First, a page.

snow TammyLike most of the southeastern United States, our neighborhood got snowed in last month. Authorities instructed drivers to remain safely at home due to the ice covered road ways. Many businesses closed so as to not risk the health of their employees. All signs pointed to having a quiet day inside. A local man was interviewed at a service station several miles from his home. The interviewer asked, “What made you come out in this weather? Are you without electrical power or heat?” The man replied, “No, I came to get a cup of coffee and get out of the house. It is too quiet there, and I knew if I got to the store, I’d see somebody I knew.” After all the warnings to drive only in an emergency situation, this man chose to drive away from the quiet. Not all of us are suited to long periods of quiet, but there is a benefit to our spirituality if we can be still, if only for one day. Being still permits our brains to rest. We can silence the constant loop of errands to do or church visits to make. Being quiet allows us to stop. For many years, I have been enamored of the verse, “Be still and know I am God.” Psalm 46:10. Being still and quiet can be a challenge for me. Yet I believe there are paths to God that can only be taken if I am still and quiet. There is a poem by Robert Wicks that calls me to the silence of snow. Snow Falling on Snow      Outside, the snow is swirling, the wind whooshing,      and the tree branches scratching against the house, wanting to come in.      Then in the spaces in between, when the wind is forgotten and all is quiet…      I open my heart to listen. I like the phrase “in the spaces in between” because that is where I find my quiet. In the spaces between supervising homework with my girls and washing dinner dishes, I find the quiet to whisper, “Thank you, God, for people who need my brain and my hands.” In between folding laundry and writing paragraphs, I pray, “Thank you, God, for the opportunity to care for my family and share words about you.” Sometimes, it is too quiet and I find myself fighting against being still or struggling to create room for the open spaces. And other times, I thirst for the open spaces because in those places I am renewed. Tammy Abee Blom is an ordained Baptist minister, regular contributor to BWIM’s blog, mother of two amazing daughters, teacher for children’s Sunday School, and lives in Columbia, South Carolina.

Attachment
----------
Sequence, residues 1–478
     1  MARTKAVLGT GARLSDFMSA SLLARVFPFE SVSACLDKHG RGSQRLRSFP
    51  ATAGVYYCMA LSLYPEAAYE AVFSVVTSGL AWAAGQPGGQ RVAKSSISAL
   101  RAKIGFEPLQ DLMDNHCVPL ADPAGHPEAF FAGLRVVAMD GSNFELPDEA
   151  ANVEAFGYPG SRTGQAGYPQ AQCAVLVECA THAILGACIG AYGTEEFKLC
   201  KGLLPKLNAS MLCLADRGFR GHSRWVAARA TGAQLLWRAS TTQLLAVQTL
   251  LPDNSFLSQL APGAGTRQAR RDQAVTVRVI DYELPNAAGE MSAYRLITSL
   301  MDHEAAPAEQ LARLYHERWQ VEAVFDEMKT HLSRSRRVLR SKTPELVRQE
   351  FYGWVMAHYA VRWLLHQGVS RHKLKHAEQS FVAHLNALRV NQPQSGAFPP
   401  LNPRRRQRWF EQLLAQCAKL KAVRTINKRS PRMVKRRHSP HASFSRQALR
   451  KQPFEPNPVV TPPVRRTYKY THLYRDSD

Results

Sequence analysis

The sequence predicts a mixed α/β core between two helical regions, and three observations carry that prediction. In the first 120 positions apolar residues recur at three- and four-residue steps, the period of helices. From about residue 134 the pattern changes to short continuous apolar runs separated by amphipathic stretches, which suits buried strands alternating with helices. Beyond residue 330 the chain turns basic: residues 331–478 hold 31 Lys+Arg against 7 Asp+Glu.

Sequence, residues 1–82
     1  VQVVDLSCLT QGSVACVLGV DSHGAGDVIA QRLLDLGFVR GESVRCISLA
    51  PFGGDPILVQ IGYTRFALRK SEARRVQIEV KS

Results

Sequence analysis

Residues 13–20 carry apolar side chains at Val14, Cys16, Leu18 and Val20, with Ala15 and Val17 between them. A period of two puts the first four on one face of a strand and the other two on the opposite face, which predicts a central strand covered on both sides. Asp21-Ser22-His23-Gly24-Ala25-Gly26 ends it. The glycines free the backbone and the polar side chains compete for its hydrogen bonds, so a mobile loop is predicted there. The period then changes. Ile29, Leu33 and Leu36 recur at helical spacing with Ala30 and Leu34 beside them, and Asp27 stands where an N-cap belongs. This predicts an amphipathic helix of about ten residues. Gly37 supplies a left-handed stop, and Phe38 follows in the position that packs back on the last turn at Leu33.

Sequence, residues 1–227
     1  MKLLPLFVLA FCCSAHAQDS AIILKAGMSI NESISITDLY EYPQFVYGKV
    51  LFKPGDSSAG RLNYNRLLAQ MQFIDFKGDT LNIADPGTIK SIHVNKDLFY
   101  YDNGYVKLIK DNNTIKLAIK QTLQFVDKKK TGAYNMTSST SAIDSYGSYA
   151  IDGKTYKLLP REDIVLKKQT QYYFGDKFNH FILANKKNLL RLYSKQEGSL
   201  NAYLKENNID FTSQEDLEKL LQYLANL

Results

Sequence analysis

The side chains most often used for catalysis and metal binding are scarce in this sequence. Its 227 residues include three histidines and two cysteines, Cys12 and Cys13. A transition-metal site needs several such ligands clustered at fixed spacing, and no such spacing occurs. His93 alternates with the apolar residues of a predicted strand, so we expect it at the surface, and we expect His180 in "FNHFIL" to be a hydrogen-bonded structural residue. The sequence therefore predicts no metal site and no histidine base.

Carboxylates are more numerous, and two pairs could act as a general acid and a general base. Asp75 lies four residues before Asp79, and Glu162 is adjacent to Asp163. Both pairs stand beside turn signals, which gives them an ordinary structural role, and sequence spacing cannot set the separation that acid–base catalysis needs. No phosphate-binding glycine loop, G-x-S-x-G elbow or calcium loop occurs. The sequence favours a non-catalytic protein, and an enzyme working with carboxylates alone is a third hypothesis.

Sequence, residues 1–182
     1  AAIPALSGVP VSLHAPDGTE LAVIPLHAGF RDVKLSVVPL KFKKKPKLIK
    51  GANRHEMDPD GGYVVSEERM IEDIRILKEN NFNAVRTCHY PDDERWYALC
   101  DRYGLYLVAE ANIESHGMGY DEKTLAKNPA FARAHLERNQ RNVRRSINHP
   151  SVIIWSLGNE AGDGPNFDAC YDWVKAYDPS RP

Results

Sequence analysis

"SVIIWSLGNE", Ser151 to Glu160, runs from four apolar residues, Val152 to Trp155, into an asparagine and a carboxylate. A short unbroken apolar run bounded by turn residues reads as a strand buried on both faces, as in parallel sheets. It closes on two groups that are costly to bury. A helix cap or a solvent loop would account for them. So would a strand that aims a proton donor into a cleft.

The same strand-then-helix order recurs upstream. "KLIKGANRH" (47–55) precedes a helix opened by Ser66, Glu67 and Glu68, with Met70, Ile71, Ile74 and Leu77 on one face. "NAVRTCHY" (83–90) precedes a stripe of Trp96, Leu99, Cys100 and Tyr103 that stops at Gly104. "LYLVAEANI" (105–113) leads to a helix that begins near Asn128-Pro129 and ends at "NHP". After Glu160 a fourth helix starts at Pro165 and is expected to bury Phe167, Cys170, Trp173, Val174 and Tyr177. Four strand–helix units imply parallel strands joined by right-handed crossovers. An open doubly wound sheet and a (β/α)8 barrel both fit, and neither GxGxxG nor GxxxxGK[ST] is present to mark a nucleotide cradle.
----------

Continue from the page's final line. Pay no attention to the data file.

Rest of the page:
DEAR ADDIE: Should I Interview?